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A solution to inefficiencies in the allocation of quota rights is to permit trading them. Tradable permitsQuotas for pollution that can be exchanged to create a market in the right to pollute. are quotas for pollution that can be exchanged to create a market in the right to pollute, and thereby create a tax on polluting. The emission of pollution requires the purchase of permits to pollute, and the price of these permits represents a tax on pollution. Thus, tradable permits represent a hybrid of a quota system and a Pigouvian taxation system—a quota determines the overall quantity of pollution as in a quota system, determining the supply of pollution rights, but the purchase of pollution rights acts like a tax on pollution, a tax whose level is determined by the quota supply and demand.
Figure 7.4 SO2 permit prices
The United States has allowed the trading of permits for some pollutants, like sulfur dioxide. Figure 7.4 "SO" shows the price of sulfur dioxide permits over the past decade.Source: Environmental Protection Agency, July 22, 2004, http://www.epa.gov/airmarkets/trading/so2market/alprices.html Each permit conveys the right to emit one ton of sulfur dioxide into the air. The overall pollution level is being reduced over time, which accounts for some of the increase in prices. These prices represent significant taxes on large polluters, as a coal-fired power plant using coal with high sulfur content can annually produce as much as 200,000 tons of sulfur dioxide.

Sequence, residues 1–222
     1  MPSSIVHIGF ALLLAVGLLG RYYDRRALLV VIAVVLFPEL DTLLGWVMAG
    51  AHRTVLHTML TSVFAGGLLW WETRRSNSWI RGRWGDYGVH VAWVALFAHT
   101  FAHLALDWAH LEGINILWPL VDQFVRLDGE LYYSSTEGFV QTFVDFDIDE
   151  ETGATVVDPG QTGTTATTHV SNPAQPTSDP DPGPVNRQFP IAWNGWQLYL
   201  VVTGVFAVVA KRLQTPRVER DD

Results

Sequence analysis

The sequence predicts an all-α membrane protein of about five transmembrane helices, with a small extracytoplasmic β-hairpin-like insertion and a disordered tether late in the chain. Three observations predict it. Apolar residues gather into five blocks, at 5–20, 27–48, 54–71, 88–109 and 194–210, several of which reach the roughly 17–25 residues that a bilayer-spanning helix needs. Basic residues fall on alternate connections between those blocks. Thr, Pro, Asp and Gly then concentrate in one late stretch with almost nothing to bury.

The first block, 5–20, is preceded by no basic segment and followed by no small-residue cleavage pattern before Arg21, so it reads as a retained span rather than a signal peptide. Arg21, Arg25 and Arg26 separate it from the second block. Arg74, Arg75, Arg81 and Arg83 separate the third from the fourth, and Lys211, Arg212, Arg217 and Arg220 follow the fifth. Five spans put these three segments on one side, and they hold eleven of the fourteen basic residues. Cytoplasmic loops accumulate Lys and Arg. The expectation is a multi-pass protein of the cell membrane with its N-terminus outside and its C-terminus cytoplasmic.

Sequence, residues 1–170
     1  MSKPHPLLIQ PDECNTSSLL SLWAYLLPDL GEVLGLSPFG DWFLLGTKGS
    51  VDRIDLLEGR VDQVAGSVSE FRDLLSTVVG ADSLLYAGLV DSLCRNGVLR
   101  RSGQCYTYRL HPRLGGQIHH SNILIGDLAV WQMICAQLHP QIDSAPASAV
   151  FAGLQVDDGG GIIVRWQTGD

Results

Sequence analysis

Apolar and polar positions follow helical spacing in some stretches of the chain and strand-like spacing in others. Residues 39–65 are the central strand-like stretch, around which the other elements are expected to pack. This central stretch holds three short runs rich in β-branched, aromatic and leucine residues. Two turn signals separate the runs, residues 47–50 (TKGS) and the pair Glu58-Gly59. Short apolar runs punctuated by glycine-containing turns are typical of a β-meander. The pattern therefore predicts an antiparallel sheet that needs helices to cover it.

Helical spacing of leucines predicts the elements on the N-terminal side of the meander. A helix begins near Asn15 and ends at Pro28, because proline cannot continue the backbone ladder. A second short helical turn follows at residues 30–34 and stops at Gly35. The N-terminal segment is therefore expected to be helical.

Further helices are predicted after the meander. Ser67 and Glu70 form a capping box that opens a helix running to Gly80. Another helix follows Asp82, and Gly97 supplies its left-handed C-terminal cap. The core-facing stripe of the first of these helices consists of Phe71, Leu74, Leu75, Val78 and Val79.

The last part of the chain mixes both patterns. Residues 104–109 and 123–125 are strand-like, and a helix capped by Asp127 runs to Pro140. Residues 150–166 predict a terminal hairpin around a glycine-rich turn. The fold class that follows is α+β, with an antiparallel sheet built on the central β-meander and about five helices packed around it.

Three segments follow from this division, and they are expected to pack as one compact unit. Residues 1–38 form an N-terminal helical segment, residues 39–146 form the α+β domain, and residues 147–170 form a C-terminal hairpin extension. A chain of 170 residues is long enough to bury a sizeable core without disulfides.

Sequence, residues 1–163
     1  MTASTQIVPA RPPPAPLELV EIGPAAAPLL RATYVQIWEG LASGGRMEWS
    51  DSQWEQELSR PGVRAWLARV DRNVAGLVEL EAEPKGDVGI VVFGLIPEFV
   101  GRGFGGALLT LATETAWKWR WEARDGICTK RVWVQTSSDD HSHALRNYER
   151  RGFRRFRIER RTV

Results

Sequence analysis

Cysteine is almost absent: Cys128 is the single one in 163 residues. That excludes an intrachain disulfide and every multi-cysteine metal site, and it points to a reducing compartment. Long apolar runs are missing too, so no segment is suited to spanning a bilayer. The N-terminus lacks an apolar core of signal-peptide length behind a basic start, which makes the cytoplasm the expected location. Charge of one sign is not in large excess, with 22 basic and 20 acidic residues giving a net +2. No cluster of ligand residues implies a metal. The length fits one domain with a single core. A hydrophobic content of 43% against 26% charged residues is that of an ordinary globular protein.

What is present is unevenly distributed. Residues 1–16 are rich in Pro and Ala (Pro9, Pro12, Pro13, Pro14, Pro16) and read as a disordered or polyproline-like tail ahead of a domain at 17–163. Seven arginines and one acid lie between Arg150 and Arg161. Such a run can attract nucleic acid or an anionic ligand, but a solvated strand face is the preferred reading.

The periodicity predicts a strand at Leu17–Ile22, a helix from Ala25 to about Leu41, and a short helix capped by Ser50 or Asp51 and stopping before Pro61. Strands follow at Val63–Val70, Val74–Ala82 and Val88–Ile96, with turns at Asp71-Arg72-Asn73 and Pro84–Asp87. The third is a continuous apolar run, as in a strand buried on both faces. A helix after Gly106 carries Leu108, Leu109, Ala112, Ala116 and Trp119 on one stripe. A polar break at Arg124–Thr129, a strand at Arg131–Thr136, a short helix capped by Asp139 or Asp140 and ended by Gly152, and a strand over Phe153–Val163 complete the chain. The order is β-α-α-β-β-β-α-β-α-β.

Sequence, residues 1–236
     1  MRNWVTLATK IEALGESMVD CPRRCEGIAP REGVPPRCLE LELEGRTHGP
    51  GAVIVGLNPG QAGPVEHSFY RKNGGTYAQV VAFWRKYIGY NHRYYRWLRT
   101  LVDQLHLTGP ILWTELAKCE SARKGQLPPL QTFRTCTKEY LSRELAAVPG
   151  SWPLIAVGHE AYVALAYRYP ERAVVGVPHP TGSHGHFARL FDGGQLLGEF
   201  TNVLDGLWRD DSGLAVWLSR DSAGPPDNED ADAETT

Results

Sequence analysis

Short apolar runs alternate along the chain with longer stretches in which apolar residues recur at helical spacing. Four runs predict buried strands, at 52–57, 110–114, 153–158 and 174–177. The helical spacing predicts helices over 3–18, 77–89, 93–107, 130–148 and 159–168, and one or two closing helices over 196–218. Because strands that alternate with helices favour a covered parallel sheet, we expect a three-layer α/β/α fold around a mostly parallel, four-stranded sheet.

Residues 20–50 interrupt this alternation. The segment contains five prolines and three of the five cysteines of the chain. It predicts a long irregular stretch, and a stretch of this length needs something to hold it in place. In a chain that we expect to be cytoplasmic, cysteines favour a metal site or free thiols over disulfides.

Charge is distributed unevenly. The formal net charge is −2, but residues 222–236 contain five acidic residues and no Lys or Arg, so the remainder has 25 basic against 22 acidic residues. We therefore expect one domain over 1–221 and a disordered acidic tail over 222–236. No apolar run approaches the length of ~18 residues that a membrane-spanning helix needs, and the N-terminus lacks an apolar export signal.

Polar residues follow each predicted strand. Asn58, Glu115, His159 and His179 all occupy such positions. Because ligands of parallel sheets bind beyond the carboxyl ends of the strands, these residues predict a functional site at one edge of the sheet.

The major advantage of a tradable permits system is that it creates the opportunity for efficient exchange—one potential polluter can buy permits from another, leaving the total amount of pollution constant. Such exchange is efficient because it uses the pollution in a manner creating the highest value, eliminating a bias toward “old” sources. Indeed, a low-value polluter might sell its permits and just shut down if the price of pollution was high enough.
A somewhat unexpected advantage of tradable permits has been the purchase of permits by environmental groups like the Sierra Club. Environmental groups can buy permits and then not exercise them, as a way of cleaning the air. In this case, the purchase of the permits creates a major positive externality on the rest of society, since the environmental group expends its own resources to reduce pollution of others.
Tradable permits offer the advantages of a taxation scheme—efficient use of pollution—without needing to estimate the social cost of pollution directly. This is especially valuable when the strategy is to set a quantity equal to the current quantity, and then gradually reduce the quantity in order to reduce the effects of the pollution. The price of permits can be a very useful instrument in assessing the appropriate time to reduce the quantity, since high permit prices, relative to likely marginal external costs, suggest that the quantity of the quota is too low, while low prices suggest that the quantity is too large and should be reduced.